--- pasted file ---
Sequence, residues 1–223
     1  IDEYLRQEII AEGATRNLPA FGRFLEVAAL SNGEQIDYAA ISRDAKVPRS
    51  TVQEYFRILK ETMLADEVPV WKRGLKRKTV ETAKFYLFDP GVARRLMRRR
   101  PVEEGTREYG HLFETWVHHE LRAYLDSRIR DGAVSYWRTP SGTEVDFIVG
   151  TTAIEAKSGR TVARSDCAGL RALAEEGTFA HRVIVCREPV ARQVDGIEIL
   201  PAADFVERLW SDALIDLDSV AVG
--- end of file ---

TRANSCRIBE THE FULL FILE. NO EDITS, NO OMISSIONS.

Sequence, residues 1–223
     1  IDEYLRQEII AEGATRNLPA FGRFLEVAAL SNGEQIDYAA ISRDAKVPRS
    51  TVQEYFRILK ETMLADEVPV WKRGLKRKTV ETAKFYLFDP GVARRLMRRR
   101  PVEEGTREYG HLFETWVHHE LRAYLDSRIR DGAVSYWRTP SGTEVDFIVG
   151  TTAIEAKSGR TVARSDCAGL RALAEEGTFA HRVIVCREPV ARQVDGIEIL
   201  PAADFVERLW SDALIDLDSV AVG